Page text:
Sharing–and, discovering the Rhizosphere!

Sharing–everything from extra seedlings to tubs of composted manure to divisions. Gardeners are a generous lot. We trade ideas, stories, woes and triumphs, but most of all we trade plants. Eleanor got my garden started, and several years later those same plants and their offshoots or babies helped start my sister’s garden. Every year I pot up lots of plants and pack them in some visitor’s car or truck, where they are taken off to a new home. Some people have told me it is dangerous–you can get other gardeners’ pests along with the plants. I have been scrupulous about not giving away any lilies, because of my red lily bug infestation (on-going, alas). Other than that I haven’t had any problems. I happen to have a lot of old horse manure, which makes really nice compost, and it’s great fun to share that with gardeners who really appreciate its worth. I love walking around my garden looking at plants and remembering where it came from. “Eleanor gave me that one. I got this one by accident from Thelma. Jan bought this for me for a birthday present. This one came from David’s parents. …” This morning I potted up a dozen or so plants to take to Jeanne’s place. They get dug up carefully, settled firmly in lots of good soil, watered thoroughly, and gently packed into the car. The car will smell like a greenhouse all the way to Warsaw! I snapped a picture of them waiting to be loaded:???????????????????????????????About the rhizosphere–I read an article in a recent American Gardener , the magazine of the American Horticultural Society about the thin layer of soil around the plant roots where a lot of important activity takes place. The plant roots interact with fungi and bacteria and all kinds of critters and chemicals. The basic lesson of the article was: disturb this zone as little as possible, and feed it as much as possible with compost of various kinds.

compost!
compost!

The author recommends no rototilling, no “double-digging”, of course no herbicides or pesticides. I have more and more respect for the complexity and elegance of soil and plants the more I learn about it. I’m planning to study this more, probably from on-line sources, but maybe I can also find some books about it. Mushrooms are a sign of healthy soil, these experts say, so I’m happy to see more and more of them. This last June a friend came to the garden party and left with a bag of meadow mushrooms he found. He took them home, double-checked their identity, and had them for supper! Here is one of those meadow mushrooms–a really big one we found last year.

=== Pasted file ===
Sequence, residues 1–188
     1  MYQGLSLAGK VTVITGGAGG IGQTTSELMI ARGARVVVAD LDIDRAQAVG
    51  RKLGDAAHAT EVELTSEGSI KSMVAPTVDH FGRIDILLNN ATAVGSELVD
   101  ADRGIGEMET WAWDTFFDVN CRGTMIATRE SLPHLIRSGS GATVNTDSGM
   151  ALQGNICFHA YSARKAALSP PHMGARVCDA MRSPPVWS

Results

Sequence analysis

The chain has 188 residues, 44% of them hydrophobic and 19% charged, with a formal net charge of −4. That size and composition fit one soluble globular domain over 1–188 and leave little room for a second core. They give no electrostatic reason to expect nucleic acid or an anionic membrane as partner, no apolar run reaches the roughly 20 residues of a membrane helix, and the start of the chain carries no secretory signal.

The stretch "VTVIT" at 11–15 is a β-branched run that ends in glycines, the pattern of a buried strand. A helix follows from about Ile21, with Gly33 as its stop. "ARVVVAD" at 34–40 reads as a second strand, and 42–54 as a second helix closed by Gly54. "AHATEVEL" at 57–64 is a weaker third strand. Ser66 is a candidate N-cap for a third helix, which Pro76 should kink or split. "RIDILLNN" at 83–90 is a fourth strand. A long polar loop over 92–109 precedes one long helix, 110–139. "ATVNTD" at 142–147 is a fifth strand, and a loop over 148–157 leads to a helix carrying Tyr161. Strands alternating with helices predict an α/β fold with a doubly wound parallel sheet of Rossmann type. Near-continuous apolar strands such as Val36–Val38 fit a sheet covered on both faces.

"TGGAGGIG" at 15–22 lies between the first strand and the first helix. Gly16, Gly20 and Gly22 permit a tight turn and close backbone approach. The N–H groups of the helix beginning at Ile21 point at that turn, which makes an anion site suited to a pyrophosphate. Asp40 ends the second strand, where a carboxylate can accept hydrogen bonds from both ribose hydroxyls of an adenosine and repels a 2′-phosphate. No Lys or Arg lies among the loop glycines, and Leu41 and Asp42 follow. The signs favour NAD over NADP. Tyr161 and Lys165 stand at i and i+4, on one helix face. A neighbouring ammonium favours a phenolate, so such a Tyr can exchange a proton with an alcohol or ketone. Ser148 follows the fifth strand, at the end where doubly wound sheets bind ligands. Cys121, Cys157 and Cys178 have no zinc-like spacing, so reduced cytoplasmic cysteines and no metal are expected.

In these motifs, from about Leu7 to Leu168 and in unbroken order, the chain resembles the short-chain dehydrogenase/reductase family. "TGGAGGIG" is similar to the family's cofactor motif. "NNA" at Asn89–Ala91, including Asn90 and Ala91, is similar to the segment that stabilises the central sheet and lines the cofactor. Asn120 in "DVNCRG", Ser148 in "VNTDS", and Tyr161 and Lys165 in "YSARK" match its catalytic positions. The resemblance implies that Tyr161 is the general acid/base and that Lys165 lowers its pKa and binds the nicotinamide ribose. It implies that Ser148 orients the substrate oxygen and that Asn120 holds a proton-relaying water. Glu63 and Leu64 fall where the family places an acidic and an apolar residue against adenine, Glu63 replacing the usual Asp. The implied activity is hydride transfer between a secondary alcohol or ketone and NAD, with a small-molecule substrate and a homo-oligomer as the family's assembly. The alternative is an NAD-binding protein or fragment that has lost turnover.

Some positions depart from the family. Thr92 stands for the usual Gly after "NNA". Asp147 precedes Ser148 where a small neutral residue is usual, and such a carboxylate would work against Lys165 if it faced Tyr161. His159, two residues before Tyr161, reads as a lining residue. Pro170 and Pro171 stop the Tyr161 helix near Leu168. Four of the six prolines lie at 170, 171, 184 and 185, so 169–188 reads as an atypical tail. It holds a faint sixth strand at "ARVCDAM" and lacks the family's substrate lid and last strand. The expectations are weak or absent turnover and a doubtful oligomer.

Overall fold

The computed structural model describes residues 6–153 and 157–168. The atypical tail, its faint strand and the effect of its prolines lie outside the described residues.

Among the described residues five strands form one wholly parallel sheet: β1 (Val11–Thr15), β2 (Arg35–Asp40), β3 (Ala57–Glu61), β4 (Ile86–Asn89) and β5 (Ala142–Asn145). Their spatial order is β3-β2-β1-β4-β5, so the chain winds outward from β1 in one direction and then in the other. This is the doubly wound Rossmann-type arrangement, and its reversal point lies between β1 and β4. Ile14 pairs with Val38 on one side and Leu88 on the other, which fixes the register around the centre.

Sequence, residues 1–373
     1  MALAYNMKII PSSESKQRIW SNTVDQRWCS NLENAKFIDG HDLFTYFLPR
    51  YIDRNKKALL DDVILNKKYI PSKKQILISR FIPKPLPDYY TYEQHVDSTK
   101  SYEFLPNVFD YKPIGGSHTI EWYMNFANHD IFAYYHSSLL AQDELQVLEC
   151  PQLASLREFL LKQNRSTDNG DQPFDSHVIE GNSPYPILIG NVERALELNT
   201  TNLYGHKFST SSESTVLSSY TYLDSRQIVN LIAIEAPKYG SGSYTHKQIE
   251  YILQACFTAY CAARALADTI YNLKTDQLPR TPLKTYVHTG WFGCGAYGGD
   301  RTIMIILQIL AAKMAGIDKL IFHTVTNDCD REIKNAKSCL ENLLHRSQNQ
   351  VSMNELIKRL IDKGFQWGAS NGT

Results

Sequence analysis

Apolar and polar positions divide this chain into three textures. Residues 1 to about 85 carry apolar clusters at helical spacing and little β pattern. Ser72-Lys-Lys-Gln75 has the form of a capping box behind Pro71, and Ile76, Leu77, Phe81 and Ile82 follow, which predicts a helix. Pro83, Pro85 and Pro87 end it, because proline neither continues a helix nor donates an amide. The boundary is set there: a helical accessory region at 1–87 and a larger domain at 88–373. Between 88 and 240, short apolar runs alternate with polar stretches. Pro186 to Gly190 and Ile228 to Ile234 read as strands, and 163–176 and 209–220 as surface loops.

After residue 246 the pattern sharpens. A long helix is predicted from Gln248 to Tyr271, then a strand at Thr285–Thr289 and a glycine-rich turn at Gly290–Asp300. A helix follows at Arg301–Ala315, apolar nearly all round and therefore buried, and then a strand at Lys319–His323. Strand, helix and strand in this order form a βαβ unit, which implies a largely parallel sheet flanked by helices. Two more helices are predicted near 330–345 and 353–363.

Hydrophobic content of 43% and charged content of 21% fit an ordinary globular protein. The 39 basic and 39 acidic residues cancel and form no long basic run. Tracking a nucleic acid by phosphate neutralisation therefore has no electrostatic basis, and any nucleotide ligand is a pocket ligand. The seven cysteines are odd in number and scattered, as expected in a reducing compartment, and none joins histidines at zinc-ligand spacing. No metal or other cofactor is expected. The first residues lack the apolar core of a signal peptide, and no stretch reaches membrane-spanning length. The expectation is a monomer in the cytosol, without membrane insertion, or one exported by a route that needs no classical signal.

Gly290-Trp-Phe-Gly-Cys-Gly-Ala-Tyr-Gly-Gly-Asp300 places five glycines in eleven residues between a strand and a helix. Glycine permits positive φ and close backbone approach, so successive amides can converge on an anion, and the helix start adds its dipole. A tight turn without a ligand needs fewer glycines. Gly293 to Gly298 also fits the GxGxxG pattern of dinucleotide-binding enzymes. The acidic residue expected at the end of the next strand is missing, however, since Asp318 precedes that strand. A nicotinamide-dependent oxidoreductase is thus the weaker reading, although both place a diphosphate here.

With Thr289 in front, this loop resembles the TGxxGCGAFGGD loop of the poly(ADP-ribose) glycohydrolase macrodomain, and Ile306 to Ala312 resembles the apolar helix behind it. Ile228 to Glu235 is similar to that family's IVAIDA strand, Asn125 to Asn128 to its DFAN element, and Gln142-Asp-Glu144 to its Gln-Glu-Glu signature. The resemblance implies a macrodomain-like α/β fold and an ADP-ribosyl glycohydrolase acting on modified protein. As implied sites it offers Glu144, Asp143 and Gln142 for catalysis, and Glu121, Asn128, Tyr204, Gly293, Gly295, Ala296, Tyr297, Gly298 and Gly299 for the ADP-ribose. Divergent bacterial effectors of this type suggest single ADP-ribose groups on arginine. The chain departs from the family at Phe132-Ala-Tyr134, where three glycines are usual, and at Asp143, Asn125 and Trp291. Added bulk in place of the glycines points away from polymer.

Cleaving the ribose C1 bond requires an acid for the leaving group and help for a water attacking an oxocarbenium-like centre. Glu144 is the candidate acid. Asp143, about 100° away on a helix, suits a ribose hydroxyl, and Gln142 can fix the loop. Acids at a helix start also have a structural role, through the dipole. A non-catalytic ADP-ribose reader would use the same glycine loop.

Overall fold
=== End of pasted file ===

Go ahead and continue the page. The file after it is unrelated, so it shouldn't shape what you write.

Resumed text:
huge mushroom!
huge mushroom!

We’re planning on a garden party for July 15, so I’m gearing up for that. Yesterday I spent most of the morning clearing out several years’ worth of hay chaff and scraps —prime mulch after it’s been rained on a bit–and carrying it by wheelbarrow to a big pile. It has lots of pigeon poop in it, too. It made a serious pile, so I can mulch the whole back yard garden with it. The picture below shows half of the pile–it’s about twice that big now. The barn is all raked out and empty, waiting for the new year’s worth of hay to be delivered this weekend. The horses will eat it and turn it into more garden soil!

hay mulch pile in the background
hay mulch pile in the background

 

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One Comment Add yours

  1. Michele Whalen says:

    Ah, don’t you just love horse manure? I found a supplier a few years ago and I just love it. Be well Anne.

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